London Lions are under new ownership. Who are they, and why are they here?

Growing up in Philadelphia, Adam Weiss witnessed the charge which electrified the City of Brotherly Love when Charles Barkley beat the chest of his 76ers jersey and the collective pulse that quickened when Michael Jordan flew through the air.

Basketball was a source of civic pride. Of unity and of passion. Venturing to London, he sensed a vacuum, a town and country where hoops existed on low voltage alone.

“If you look around Europe,” he notes, “in neighbouring countries like France, that isn’t the case at all. We couldn’t ascertain exactly what the reason was but there is a lack of infrastructure and government support.

“Someone pointed out that if Luol Deng’s 2012 Olympic team had stopped Jose Calderon from getting a free throw down the stretch, Great Britain would have beaten Spain and the sport might have grown exponentially with more support.

“But there is clearly a bunch of reasons why it is not as popular as it should be and will be.

“That’s an aberration.”

Not for much longer, he trusts. A key reason why he was a prime advocate in the takeover by Miami-based 777 Partners of London Lions earlier this summer, a move many trust can be a game changer for British basketball.

The figures boggle the mind. A private investment firm with a reported $4 billion in assets under their control.

Purchasing the still-reigning BBL champions from Vince Macaulay, by comparison, required a few spare dimes from down the back of their sofa. Weiss had initially reached out to the long-time owner, only to receive an auto-response that the club’s office had closed for the summer.

“It said,” he recounts, “to check back in the fall (autumn). But Vince got in touch, we met the next day and things progressed from there.”

It is no secret that the league’s capital club has lacked the investment required to become the marquee franchise which the BBL intended when it scoped out the Copper Box as a showcase venue in the wake of the London 2012 Olympics.

London, never cheap, was crying out for an infusion of capital when Macaulay had fully severed the long-broken ties with his previous partner Peter Sprogis.

Right time, right conversation, right concept.

And now, the talk is of elevating the Lions – and the sport – to the same level of prominence that it enjoys in the rest of the continent.

“London and the UK are a decade behind,” Weiss offers. “But because of the diversity of the population and the ex-pats who love the sport, you have a base.

“The infrastructure isn’t in place but all the ingredients are in place for the sport to be popularised. So we intend to support the club.

“But it’s also important that the league professionalise too. It’s an inflection point, with the pandemic, on the way sports are produced and presented and consumed.

“We want to present the league in unique ways.”

Adam Weiss is leading 777’s investment

Yet their remit is primarily focused on east London, and their budget too. One that has financed one of the deepest rosters in recent times in preparation for next month’s foray into the Basketball Champions League.

From the outside, it might appear a toe dipped in the water. The new ownership is all in, Weiss signals.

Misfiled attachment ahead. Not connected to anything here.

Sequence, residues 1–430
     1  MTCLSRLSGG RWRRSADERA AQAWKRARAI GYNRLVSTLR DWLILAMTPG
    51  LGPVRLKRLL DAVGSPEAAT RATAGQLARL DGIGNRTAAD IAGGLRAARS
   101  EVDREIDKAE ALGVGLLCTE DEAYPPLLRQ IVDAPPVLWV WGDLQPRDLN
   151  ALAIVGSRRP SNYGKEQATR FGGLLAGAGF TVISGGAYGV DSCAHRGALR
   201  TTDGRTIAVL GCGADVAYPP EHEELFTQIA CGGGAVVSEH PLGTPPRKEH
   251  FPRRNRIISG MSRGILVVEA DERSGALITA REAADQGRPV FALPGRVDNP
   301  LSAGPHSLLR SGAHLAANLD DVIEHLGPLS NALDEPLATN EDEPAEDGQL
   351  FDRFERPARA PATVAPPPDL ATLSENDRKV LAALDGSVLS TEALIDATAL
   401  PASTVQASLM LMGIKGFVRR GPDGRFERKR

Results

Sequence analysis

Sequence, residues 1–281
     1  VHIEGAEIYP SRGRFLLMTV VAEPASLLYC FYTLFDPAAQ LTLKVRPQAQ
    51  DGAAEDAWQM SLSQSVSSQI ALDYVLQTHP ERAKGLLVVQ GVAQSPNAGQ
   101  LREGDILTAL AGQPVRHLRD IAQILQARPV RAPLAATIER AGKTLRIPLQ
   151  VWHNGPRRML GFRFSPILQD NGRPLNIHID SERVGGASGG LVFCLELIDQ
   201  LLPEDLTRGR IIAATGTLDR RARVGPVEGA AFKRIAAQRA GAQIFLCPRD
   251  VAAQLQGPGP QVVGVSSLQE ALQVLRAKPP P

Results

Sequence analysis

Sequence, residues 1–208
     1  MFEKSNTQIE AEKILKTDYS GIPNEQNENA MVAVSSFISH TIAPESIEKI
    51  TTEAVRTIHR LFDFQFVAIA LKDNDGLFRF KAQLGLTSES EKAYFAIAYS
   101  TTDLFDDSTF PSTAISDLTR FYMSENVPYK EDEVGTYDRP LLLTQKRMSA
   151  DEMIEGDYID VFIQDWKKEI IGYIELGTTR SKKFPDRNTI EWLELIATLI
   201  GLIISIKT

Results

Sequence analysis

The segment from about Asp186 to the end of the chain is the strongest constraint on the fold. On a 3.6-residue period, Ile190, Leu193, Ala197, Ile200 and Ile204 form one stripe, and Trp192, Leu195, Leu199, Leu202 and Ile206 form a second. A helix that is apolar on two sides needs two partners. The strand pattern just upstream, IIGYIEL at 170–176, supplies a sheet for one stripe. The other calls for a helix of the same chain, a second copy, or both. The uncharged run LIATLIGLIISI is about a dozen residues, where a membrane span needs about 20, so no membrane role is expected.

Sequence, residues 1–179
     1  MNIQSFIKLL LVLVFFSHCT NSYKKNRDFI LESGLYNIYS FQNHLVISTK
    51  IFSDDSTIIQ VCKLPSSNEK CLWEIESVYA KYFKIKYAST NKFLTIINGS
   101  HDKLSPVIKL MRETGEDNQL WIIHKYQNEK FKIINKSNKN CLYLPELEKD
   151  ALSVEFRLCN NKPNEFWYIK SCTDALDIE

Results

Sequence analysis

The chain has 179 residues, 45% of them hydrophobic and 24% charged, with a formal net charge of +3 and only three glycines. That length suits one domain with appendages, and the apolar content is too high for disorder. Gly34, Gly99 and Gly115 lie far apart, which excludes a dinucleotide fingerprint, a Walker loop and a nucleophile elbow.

While their purchase has received little fanfare beyond a small post on 777’s corporate website, grand plans have been drafted to exponentially grow the Lions, on and off the court – creating the kind of infrastructure that is merely the standard elsewhere.

“There is the basketball ops side and the business side and both need a lot of work,” he underlines.

“We think there are different kinds of players who would come to London for different reasons. Players at the end of their careers. Players who just want to pursue business opportunities.

“Players who might have gone to the NBA G-League or the Australian league rather than going to college. Those players might as well go to Europe and London is well-positioned. Players who want to rebuild.

“There are different groups who we can recruit but you need to improve the brand of the league so agents don’t think their players will regress their stock if they come to the UK.

“You have training, an analytics department, all those things that go into helping Vince. Just that infrastructure that is commensurate with other clubs in Europe.”

Then on the business side, he declares, there is a compulsion to elevate the London Lions brand beyond its current furlough.

But, he insists: “We want to do it in an authentic way that’s beneficial to the different stakeholders we might appeal to. We want to weave ourselves into the fabric of the city without being opportunistic about it.

“And we think this sport, especially now, is a good vehicle for some of the cultural debates going on now in the world and to advance themselves.

“We think it’s achievable that we can popularise the sport and the club, at least to the level it was at its high water mark in the 1990s and early 2000s.

“And we want to incubate the talent that already exists, building academies that develop players and keep them at home.”

An ambitious manifesto, one which includes an interest in eventually moving among the goliaths of the EuroLeague. Such radical and grandiose transformation cannot, however, be bought overnight.

Nor will the returns on this investment.

No matter how many drums have been beaten to proclaim that British basketball has all the potential in the world, one only has to peer back two decades to see that raw cash thrown blindly at its deficiencies is a fool’s gold.

777, lest we forget, is no charity. But the play is not, Weiss maintains, to splurge, fatten the asset – then cut and run.

“We are in it for the long term. We’re looking to build a club to add value, rather than flipping it.”

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Main image: Matchroom/ Jamie McPhilimey 

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